Tuesday, June 3, 2014

Introducing "Los Heffes"

The Full Pint
I know nothing about the home-brewing of beer but here's how I imagine it. A garage, balcony or storage room with sufficient ventilation but creepy enough lighting is converted into a makeshift laboratory. Crusty pots, dirty buckets, glass bottles and sacks of grains and hops are scattered around, a collection of toys for big boys. Over a gas burner, a large pot full of yellowish liquid rumbles, its bitter fumes dispersing like thinning fog. A mad scientist, preferably in flip-flops, boxer shorts, a cruddy ripped tank top and snorkelling goggles, stirs the potion with a kayak paddle or cricket bat or lamb femur and cackles. His hair is unruly and his eyes are bloodshot. Sweat dribbles down his armpits while he waits with patience for his Frankensteiner [insert your preferred style of beer] to be ready. From inside the house, a woman's high-pitched squealing drags him out of his reverie. "No, honey, I cannot help you trim your cuticles and paint your toenails," he says, sighing and taking a long swig from a bottle of Hopsonouris IPA, one of last year's home brewing successes.

"Los Heffes" en acción!
This past weekend, I meant to ask the four gentlemen (who I've baptised "Los Heffes" after one of their beers) behind the Cyprus Homebrewers Association whether my somewhat vivid imagination matches their daily brewing reality. On Saturday, May 31st, for the first time ever on The Rock, they hosted "The Full Pint," a home brewing festival held behind Faneromeni Church in which they showcased nineteen of their beers. Hundreds of people showed up throughout the day, many stopping by as a thirst-quenching preamble to the hugely successful 1st Cyprus Pride Parade that took off from Eleftheria Square at five p.m. on its way to Parliament.

During my forty-five minute stint at the festival, I tasted six beers, several of them better than many of the locally produced beers available in supermarkets. The DUA 101 Dusseldorf Alt was a fuller bodied and more flavourful summer alternative to a lager, while the WIT 10 Orange Belgian Wit, a beer approved by The Wife, Ph.D., had a lively citrus kick and plenty of tanginess. The Tutti Frutti Raspberry Wheat, seemingly a crowd favourite, did not appeal to me as much as I expected a greater concentration of fruit and spice. The Wife, Ph.D., who tends to specialise in fruity beers, agreed with me. The Mystic Roots Pale Ale was a faithful rendition of the style with plenty of hops, which, according to its humble brewer Costas Siahinian of Brewfellas fame, help hide its shortcomings. Likewise, the AAA 5 American Amber Ale was a balanced effort that, in my opinion, packed a greater wallop than Prime Microbrewery's version. Personally, my favourite beer was the BAA 40 Belgian Amber Ale concocted by Costas Panayiotides. This medium-bodied brew elicited lovely aromas of caramelised bananas and sweet spice and a balanced, mouth-puckering taste. I took a full pint with me to enjoy as I walked with the crowds towards the Pride Parade.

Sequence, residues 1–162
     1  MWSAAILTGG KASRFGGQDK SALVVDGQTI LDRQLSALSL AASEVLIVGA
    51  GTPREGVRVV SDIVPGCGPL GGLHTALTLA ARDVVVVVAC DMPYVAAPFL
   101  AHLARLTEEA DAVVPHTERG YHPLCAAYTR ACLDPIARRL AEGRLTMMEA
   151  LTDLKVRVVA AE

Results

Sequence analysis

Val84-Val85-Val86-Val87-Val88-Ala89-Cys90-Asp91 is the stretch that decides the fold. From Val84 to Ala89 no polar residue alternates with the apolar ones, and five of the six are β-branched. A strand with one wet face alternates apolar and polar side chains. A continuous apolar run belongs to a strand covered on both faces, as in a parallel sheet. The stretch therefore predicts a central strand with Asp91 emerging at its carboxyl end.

First Cyprus Pride Parade
It is wonderful to see progress, in all realms of life, being made on The Rock. Beers (#NotCarlsberg) are improving thanks to people like "Los Heffes" and the local microbreweries. Wines are becoming more refined and lauded in competitions. Most important, though, equality for all as praxis is fermenting as demonstrated by the four thousand five hundred people who marched in support of LGBT rights on the island.

Cyprus: Keep on trucking. Just don't spill your beer.

No comments:

Post a Comment